The Gobbe is the enemy of the job

Eric Garland Economic trends, Government Trends Leave a Comment

My consulting firm Competitive Futures has one thing – and just one thing – in common with Uber: neither of us want to create a single job if we can help it.

Yup, we’re both anti-job, as are most corporations these days, a state of affairs which should be an absolute nightmare to every single member of the workforce, not to mention every single politician on Earth. Also to be concerned are the civil servants tasked with economic development which is almost uniquely measured in full-time jobs created. The concern and worry are of little importance, though – this trend is unstoppable. So get ready for an all out assault on the full-time, benefits-paying job, as well as an uncertain future.

There’s nothing you can do.

The history of Gobbe creation


It’s bizarre, but this is the economic development of the future

Now, lest you think I’m a sociopath like, say, Thomas Friedman, who tells you to deal with CEOs forcing you into labor competition with emerging economies by “being special,” I’m no elitist monster chuckling while you race to the bottom of the wage pool with Burundi. In fact, I do create employment and even enjoy paying good wages for people who are really great at trend analysis and other functions essential to helping executives with high-level strategy. But, like Uber and IBM and AirBnB and lots of companies these days, I don’t want to create jobs – I’d rather create gobbes.

I know, what the hell am I talking about? What the hell is a gobbe? If you’ve ever seen Willy Wonka & the Chocolate Factory or been to a construction site, you have a clue as to our economic history. The Brits continue to use the word “gob” to mean mouth, hence the magical everlasting gob-stopper. Contractors don’t arrive at their salaried positions, they arrive at a job site. The origin of the word job comes from gobbe, old English for a “big mouthful of food.” Back in the day, the only people who had stable position in the world were the nobility, invested by the king with land and title and thereby entitled to rents on an annual basis. The rest of everybody had to simply hustle every day, using their skills for whatever needed to be done to get to a gobbe, a mouthful of food.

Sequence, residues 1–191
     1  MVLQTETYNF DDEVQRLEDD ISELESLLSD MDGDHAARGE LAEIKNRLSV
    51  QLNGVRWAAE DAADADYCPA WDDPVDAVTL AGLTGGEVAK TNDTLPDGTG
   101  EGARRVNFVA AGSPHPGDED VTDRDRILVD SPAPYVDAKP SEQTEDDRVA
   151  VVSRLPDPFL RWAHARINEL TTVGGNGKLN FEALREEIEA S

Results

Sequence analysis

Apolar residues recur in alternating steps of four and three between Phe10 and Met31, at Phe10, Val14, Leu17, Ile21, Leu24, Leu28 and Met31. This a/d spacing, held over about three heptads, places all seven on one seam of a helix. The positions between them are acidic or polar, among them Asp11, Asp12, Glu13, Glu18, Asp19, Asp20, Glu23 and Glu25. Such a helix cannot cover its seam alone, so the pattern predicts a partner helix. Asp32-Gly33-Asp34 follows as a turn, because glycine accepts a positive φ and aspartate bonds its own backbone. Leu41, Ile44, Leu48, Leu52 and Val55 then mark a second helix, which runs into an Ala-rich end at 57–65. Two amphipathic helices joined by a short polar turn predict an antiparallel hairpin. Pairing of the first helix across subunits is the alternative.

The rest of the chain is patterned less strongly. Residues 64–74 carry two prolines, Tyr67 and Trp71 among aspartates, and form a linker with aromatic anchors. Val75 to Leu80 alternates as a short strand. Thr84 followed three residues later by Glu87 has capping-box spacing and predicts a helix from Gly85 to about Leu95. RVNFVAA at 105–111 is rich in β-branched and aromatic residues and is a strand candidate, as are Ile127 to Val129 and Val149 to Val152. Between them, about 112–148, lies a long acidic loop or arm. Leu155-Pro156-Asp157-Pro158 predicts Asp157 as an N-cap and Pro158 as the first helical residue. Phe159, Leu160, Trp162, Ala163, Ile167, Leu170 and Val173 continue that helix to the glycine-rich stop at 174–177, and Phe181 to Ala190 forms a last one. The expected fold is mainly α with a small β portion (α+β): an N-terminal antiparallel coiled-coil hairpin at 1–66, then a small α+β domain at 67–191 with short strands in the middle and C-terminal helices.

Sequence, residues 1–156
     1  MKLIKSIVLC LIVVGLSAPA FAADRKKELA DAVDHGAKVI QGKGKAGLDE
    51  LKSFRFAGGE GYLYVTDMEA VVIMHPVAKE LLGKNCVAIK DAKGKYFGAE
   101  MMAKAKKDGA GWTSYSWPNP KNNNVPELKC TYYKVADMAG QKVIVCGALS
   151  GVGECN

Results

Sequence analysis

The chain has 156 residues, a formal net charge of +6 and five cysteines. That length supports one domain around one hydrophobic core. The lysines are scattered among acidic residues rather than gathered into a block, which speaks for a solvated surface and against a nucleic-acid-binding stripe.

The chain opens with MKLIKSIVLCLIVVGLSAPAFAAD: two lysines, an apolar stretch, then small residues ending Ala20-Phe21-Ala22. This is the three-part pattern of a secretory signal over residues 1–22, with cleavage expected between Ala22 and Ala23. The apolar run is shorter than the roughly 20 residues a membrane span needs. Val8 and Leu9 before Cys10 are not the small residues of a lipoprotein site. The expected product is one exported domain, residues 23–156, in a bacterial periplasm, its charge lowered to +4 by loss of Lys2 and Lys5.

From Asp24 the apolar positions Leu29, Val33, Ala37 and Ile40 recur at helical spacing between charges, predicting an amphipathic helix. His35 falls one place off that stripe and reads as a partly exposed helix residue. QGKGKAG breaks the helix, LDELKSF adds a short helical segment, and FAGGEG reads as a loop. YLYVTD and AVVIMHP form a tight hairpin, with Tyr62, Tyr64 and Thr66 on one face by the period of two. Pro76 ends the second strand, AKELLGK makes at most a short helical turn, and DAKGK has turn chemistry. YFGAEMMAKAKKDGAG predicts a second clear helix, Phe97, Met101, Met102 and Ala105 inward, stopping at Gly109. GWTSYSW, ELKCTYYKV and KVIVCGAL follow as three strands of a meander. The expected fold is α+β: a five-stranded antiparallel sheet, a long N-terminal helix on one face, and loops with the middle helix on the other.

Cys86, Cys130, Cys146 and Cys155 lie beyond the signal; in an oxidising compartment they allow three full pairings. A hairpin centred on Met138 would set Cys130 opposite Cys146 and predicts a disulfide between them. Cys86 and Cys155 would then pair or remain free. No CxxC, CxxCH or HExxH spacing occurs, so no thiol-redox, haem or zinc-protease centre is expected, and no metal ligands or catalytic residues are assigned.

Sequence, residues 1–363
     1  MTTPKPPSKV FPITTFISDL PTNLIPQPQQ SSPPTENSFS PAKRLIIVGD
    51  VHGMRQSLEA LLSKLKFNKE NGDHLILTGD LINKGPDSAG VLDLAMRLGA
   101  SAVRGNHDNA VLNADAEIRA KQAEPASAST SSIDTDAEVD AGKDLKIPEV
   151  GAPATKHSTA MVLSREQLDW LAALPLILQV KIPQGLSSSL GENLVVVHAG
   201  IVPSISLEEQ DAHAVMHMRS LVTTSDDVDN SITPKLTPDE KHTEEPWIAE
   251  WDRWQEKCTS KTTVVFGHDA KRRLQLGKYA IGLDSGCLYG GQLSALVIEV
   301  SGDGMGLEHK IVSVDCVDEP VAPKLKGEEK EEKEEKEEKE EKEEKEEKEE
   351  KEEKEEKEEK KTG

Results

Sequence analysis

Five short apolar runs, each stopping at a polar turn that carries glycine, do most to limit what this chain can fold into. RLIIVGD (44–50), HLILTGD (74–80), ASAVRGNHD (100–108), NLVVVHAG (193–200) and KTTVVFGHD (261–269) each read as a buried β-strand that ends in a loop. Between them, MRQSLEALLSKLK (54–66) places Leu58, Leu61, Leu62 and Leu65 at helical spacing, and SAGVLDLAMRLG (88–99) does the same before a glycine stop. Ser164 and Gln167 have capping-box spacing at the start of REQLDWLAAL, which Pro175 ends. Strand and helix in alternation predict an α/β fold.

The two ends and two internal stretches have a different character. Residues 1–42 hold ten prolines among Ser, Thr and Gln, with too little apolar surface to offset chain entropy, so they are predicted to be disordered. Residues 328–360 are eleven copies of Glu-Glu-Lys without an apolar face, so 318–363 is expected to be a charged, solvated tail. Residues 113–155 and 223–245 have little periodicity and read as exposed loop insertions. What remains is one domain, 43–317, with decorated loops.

Masonic symbol

Really, they just invented modern infosec.

It sounds precarious, and it was, but as science and technology progressed throughout the Western world, eventually Europe saw the formation of guilds, groups that would protect each other, collect up a sick fund, assure the skill of its members, and direct them to where the best gobbes could be found. In the case of the Masons, the guild of coordinate the arrival of labor at wherever the latest cathedral was being built by whichever monarch sucking up to the Pope at that time. The pay was still in gobbes, but the guild helped make sure people had access to sleeping arrangements and other niceties. (And to make sure you were dealing with actual Masons and not freaks looking for a free meal, they came up with rituals and handshakes as an early form of information security, something that made them seem secretive and creepy for centuries.)


All of this changed in the Industrial Age, when the capital formation and technology reached a point where you could put a factory in some central location and have your labor live around it in an urban environment. It was rather dirty, dangerous, and smelly, but the notion of stable employment was born since the factory wouldn’t just one day be finished, like a cathedral or a bunch of horseshoes. It was at this moment that the gobbe became the job, a social position you could get and maintain on a long-term basis, providing stability to both the capital-owning class and laborers.